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The Honolulu Advertiser
Posted on: Saturday, January 16, 2010

Driver of Honolulu runaway truck veers out of traffic before crash

Advertiser Staff

Hawaii news photo - The Honolulu Advertiser

The truck came to rest after destroying a home's garage, as well as a 1994 Toyota Celica that was parked inside it.

RICHARD AMBO | The Honolulu Advertiser

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Hawaii news photo - The Honolulu Advertiser
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Tragedy was averted yesterday when a driver managed to maneuver his dump truck down the town-bound lanes of Pali Highway, avoid a long line of cars and veer cleanly across the lanes on the opposite side of the road before crashing into the garage of a home near the corner of Kuakini Street.

Ferdinand Endo was asleep inside the home at 1765 Pali Highway when the big dump truck came crashing in.

"All I know was that I was sleeping and I heard this huge bang," Endo said. "My ex-wife was up, but she was in the back of the house.

"I ran out and the driver was already out of the truck yelling, 'Are you OK? Is everybody OK? Is anybody hurt?'

"He was a young local guy, about 35 or 40, and he was very concerned. He may have been in a state of shock. He was really shook up and I kept telling him, 'No worry, brah, no worry, everybody's OK.' "

Aside from the driver, no one was hurt in the incident.

Police officers at the scene were amazed at the driver's ability to keep a bad situation from turning deadly.

"This whole thing could have been worse, much, much worse," said police Sgt. Glenn Viloria.

The driver was quickly taken to a hospital. Bryan Cheplic, spokesman for the city Emergency Services Department, said the driver was listed in serious condition upon his arrival.

From what police were able to piece together without talking with the driver in depth, the truck loaded with asphalt was headed toward town about 9 a.m. when the brakes failed much farther up the highway.

There are no "runaway truck" ramps along the downhill lanes of Pali Highway on the Honolulu side of the tunnels as there are on the windward side. So the driver's options were limited.

He was able to keep control of the truck until the bottom of the grade where he rolled up on the School Street intersection and long lines of cars, remnants of morning rush-hour traffic.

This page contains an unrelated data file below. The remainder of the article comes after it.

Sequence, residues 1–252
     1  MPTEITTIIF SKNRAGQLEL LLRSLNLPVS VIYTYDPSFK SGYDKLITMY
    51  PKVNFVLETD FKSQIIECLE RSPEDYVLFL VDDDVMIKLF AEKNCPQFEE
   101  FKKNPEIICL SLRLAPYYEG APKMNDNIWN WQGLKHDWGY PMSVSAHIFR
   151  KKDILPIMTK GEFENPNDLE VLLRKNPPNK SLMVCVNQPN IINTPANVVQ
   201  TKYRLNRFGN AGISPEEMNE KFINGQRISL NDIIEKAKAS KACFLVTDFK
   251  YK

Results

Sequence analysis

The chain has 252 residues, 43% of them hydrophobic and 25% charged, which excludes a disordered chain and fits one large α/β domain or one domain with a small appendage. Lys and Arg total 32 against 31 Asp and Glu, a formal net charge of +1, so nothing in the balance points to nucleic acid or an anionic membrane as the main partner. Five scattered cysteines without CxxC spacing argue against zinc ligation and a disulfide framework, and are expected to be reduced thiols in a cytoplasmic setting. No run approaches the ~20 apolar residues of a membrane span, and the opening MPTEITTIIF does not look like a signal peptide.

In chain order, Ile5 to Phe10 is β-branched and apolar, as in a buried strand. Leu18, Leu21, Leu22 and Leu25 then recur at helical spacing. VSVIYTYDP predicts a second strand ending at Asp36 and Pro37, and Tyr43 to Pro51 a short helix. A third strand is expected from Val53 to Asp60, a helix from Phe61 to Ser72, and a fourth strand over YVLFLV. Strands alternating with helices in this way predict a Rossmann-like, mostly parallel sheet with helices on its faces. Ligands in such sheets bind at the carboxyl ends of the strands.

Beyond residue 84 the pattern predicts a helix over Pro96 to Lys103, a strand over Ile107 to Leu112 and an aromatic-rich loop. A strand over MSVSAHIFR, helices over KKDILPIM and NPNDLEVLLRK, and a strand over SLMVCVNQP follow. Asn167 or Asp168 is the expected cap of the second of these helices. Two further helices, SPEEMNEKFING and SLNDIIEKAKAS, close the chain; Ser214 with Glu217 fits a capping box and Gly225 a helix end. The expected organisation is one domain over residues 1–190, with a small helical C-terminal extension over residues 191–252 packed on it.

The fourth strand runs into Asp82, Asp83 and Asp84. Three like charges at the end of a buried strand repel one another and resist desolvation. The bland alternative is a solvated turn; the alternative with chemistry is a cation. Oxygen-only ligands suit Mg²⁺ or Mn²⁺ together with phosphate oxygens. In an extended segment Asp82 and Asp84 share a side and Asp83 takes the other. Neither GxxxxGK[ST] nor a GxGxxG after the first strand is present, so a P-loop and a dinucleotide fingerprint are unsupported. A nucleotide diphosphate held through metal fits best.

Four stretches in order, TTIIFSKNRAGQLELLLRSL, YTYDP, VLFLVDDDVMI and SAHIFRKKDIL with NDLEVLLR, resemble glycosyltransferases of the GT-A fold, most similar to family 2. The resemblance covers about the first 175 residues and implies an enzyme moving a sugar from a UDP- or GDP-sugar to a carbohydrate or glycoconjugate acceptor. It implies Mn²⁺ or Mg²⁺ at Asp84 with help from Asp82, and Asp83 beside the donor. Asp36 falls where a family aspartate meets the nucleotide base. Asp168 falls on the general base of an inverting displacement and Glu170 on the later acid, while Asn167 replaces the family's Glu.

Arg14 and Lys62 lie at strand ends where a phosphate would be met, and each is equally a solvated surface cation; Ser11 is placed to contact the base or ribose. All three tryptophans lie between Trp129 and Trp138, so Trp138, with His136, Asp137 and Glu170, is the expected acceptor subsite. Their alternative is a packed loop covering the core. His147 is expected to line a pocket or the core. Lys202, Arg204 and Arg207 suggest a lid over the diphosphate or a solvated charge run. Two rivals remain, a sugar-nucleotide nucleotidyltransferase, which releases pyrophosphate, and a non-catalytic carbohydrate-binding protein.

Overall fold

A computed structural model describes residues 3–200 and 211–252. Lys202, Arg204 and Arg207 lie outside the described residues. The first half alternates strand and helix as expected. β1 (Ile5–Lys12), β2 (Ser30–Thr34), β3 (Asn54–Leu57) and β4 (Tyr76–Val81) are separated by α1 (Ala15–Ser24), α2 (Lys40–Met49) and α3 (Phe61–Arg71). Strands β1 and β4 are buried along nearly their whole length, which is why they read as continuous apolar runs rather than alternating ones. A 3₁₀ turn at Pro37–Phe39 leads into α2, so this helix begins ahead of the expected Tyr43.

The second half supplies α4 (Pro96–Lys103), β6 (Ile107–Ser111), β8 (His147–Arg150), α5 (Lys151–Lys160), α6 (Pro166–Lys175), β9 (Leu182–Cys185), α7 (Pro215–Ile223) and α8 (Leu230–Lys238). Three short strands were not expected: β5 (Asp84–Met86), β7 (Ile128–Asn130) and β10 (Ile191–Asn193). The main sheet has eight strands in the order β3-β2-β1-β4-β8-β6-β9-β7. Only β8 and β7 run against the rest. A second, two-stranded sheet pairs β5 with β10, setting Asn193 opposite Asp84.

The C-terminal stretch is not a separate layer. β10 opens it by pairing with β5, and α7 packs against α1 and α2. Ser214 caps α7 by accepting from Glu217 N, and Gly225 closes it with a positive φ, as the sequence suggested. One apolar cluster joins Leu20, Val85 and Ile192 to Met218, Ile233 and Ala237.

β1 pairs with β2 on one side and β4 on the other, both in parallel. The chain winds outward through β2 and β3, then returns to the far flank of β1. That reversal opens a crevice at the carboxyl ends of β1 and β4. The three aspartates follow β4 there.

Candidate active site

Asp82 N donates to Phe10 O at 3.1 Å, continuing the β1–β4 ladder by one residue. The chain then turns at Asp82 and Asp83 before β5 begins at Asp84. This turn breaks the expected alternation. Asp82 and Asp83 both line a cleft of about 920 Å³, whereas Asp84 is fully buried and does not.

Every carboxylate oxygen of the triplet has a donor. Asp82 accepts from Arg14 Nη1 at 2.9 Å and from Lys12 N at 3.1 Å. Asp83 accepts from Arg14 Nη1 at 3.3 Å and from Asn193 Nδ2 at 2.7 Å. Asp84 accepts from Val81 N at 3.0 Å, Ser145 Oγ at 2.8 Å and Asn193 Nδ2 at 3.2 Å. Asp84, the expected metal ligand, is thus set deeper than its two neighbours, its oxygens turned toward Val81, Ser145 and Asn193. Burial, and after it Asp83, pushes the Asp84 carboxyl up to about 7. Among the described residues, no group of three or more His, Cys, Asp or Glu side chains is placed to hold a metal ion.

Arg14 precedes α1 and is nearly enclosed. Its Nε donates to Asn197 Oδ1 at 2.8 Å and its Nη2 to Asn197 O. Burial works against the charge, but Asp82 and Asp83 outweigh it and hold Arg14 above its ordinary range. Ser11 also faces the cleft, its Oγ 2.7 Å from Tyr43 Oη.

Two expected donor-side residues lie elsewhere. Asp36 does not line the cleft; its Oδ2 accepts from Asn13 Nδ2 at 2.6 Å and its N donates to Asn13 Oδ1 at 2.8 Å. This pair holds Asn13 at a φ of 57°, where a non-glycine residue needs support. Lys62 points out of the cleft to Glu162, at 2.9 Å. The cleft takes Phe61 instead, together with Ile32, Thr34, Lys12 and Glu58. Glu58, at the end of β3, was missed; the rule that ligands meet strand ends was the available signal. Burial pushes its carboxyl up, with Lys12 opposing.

"Apparently, he chose the lesser of two evils," said one of the police officers at the scene. "He could have rear-ended that whole line of cars and maybe killed himself or others, or he could veer into the hedge on the medial strip to scrub off some speed and continue on across into the oncoming lanes, which were pretty empty at the time."

The driver went with the hedge option, ripping out 30 to 50 yards of vegetation before the truck crossed into the Kailua-bound lanes.

After crossing the road, the truck took out two hollow-tile walls, demolished Endo's garage and destroyed the 1994 Toyota Celica that was parked inside.

Yesterday morning, police had not determined if the driver deliberately steered at Endo's garage, ending up almost in the middle of the driveway. They could not say how fast the truck was going when it crashed into the garage.

Tampos Trucking Inc. was emblazoned in gold lettering on the truck door, and Endo said he expects the company's insurance firm to pay for the damage to his home and car.

"I just put a new engine, new computer, new air conditioning, everything in that car," he said. "Now, it looks like I'll be riding the bus for a while. The whole car thing gives me one mean head-ache."

According to state Department of Commerce and Consumer Affairs records, the Waipahu-based Tampos Trucking Inc. is registered to Aaron Tampos and is involved in "trucking, hauling of aggregate dirt and rocks." U.S. Federal Motor Carrier Safety Administration data indicates that the company operates two trucks and employs two drivers.

The company's listed phone number has been disconnected. Aaron Tampos answered a call to his mobile phone, but the connection was abruptly cut when the caller identified himself as an Advertiser reporter. Subsequent calls were not answered.

The Honolulu Police Department and state Department of Transportation will now conduct separate investigations of the accident.

A large tow truck showed up about 45 minutes after the crash and began to winch the dump truck out of what was left of Endo's shattered garage.

Endo stood on the sidewalk in front of his house, amazed at his good fortune.

"I say I'm lucky because I wasn't hurt, my ex-wife wasn't hurt and the driver was real shaken up, but from what I could tell, he wasn't too badly injured either," he said.

Endo's garage was demolished, but he said he was planning to tear it down and build a new one anyway.

"I guess I'll just have to get going on the project a little sooner than I had counted on," he said.

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